Romans 4: The One Who Does Not Work
March 5, 2023
TODAY'S BIBLE READING:
This chapter is less compact in its argument than the ones previous, and presents a grand vision of how Abraham in particular (and David too) also give evidence to prove Paul’s thesis. These great Old Testament heroes, they were likewise justified by faith without works—just as are we. This is the great point of Romans chapter 4, and it is written especially to win over those who would look to Abraham (and David) as examples of how it is that we are saved. The story goes throughout this chapter, but in some ways the key statement—certainly the most startling—is in verse 5:
“to the one who does not work but trusts God who justifies the ungodly, their faith is credited as righteousness” (4:5).
To the one who does not work. What an amazing statement! God who justifies the ungodly. What an extraordinary idea! And their faith is credited as righteousness. In this sentence is all the revolutionary power of the grace of the gospel. It is worth studying and turning over in our minds again and again. There are two things this text does not mean, and then three things it does mean:
First, this text does not mean that Christians may behave and think of what is unwholesome, much less what is wrong. Paul will make it clear in Romans 6 that this radical gospel of grace by no means implies that we should sin without thought or consideration of the effects of that sin. Instead, we are to put sin to death. So this text does not mean that Christians can sin without consequence. In fact, to even consider that is to misunderstand—apart from anything else—what sin is. Sin is spiritual cancer. If it can be removed from you by grace, why would you wish to take it on again? The gospel is the power that exists to not only justify the ungodly, but to motivate and inspire still sinful Christians to grow in Christlikeness.
Second, this text does not mean that God simply “forgives” as if that forgiveness happened without cost. Remember how Romans 3 concluded by teaching us that God can be both just and justify the unrighteous because of the righteous sacrifice of Christ. Our forgiveness, our justification, comes at the supreme cost of the blood of Jesus himself. This is no cheap grace.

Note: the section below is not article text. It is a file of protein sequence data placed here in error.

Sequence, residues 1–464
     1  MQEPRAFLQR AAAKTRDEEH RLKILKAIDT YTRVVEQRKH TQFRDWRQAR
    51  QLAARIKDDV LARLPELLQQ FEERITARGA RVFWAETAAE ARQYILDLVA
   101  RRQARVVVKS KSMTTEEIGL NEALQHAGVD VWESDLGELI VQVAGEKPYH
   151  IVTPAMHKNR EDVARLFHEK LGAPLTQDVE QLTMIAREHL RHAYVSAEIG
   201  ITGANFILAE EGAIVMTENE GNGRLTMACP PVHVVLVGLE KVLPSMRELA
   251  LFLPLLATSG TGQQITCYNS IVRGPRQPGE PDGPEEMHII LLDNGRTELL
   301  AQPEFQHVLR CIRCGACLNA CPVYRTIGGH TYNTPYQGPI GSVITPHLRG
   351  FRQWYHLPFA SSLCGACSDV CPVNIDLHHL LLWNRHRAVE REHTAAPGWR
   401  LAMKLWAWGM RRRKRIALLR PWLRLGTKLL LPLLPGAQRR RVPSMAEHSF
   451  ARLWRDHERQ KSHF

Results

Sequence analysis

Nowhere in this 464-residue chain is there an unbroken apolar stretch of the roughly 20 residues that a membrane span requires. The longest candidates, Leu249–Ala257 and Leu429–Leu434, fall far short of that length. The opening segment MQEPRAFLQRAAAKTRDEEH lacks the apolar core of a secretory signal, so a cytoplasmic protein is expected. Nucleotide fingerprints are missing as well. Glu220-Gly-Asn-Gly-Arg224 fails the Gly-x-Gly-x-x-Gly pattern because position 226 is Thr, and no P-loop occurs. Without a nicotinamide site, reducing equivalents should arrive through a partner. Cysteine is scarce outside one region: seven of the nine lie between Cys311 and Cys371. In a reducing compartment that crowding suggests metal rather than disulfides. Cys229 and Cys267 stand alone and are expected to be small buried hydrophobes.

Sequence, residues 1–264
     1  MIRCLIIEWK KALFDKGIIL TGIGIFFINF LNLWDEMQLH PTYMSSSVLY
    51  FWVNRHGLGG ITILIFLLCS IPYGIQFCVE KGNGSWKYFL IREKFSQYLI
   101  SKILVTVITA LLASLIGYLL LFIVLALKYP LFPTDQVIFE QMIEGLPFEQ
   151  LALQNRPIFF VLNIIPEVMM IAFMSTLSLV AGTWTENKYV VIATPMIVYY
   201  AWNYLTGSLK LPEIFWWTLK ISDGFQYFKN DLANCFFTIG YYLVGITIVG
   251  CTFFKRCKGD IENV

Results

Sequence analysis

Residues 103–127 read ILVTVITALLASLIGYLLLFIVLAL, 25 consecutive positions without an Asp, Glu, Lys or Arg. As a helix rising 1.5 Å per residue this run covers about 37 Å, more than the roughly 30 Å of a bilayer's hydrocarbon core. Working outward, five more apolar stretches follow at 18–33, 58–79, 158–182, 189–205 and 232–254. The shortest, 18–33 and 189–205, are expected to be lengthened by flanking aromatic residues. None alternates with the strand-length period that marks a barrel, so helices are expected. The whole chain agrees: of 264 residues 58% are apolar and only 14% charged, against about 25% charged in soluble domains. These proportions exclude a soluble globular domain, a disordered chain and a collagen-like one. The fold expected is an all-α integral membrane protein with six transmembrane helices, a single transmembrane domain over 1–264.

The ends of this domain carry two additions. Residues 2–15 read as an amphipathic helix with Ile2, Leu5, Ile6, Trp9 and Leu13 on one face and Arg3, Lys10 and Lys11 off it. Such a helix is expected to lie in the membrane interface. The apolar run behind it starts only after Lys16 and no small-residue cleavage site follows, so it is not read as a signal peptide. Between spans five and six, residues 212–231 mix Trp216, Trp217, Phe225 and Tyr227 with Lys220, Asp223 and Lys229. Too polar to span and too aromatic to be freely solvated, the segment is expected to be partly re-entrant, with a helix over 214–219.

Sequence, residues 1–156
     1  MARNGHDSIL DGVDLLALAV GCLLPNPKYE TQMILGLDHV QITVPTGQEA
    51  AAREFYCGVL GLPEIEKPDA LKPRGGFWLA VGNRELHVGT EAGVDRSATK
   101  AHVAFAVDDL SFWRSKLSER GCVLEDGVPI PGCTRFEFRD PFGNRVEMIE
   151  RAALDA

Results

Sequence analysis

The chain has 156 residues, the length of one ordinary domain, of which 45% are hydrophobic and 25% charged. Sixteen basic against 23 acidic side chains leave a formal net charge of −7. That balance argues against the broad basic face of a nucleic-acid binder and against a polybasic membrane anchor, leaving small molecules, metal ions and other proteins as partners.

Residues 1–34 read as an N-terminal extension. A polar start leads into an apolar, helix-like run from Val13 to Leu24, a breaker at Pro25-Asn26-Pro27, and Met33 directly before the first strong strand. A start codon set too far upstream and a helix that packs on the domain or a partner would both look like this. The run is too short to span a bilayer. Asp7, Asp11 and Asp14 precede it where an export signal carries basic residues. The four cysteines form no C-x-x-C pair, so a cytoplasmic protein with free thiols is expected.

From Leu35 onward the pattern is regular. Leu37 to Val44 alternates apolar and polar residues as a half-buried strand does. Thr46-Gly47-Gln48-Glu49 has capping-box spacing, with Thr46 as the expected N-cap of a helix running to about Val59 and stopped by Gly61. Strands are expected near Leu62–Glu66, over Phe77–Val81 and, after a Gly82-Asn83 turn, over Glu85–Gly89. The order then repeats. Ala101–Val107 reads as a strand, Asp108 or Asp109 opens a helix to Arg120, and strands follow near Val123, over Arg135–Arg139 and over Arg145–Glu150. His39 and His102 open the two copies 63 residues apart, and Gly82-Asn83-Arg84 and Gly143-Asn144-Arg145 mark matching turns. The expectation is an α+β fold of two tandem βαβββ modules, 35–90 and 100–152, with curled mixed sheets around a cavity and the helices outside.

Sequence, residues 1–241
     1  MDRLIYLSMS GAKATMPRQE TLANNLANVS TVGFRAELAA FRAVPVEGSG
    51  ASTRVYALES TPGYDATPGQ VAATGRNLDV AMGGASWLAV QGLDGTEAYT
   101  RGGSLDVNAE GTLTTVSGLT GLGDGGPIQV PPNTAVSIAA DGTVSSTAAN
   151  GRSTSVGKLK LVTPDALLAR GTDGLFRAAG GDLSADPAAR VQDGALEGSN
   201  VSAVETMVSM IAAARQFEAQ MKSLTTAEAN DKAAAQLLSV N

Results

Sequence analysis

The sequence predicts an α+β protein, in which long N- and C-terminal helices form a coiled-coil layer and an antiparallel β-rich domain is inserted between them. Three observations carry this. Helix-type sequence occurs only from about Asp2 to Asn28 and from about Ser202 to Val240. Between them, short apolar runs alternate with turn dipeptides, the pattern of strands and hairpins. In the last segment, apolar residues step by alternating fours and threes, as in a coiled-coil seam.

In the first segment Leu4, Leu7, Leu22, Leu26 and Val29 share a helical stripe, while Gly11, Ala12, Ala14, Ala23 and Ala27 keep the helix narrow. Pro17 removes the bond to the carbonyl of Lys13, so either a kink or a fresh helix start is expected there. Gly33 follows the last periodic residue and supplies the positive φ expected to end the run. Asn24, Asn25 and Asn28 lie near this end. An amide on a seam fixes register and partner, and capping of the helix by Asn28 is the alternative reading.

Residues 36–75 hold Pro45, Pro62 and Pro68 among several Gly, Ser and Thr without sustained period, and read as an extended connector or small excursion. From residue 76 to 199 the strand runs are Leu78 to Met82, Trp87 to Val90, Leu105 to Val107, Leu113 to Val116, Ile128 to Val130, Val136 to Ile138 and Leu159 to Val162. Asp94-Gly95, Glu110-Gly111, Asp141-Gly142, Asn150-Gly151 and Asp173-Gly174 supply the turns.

But if this text does not mean those two things, what does this text mean? These three may be considered:
First, it means that our justification is not based upon anything that we do or have done. That statement alone should give a smile to the greatest sinner and pause to the most self-righteous religionist. I cannot earn my way to heaven. It is not what I have done; it is what Christ has done for me.
Second, it means that justification was grace through faith in the Old Testament as well as the New Testament. Abraham was justified by faith (as was David). The distinction between the Old Testament and the New Testament is not a distinction between being saved by works, and now being saved by faith. God’s people have always been rescued by grace, received through faith in him and his promises.
Third, it means—perhaps this most of all—that the most weary Christian, the most harried disciple, has today more reason to rejoice and be glad than any other person on the face of the planet. Rejoice, Christian: your salvation is not by works! It comes through faith! And God by his mercy justifies us wicked people! Oh, how much there is to rejoice in, how much there is to be glad about! And what great reason there is, therefore, to serve this God of grace with all our heart, soul, mind, and body!
ABOUT THE AUTHOR
Josh Moody (Ph.D., University of Cambridge) is the senior pastor of College Church in Wheaton, IL., president and founder of God Centered Life Ministries, and author of several books including How the Bible Can Change Your Life and John 1-12 For You.
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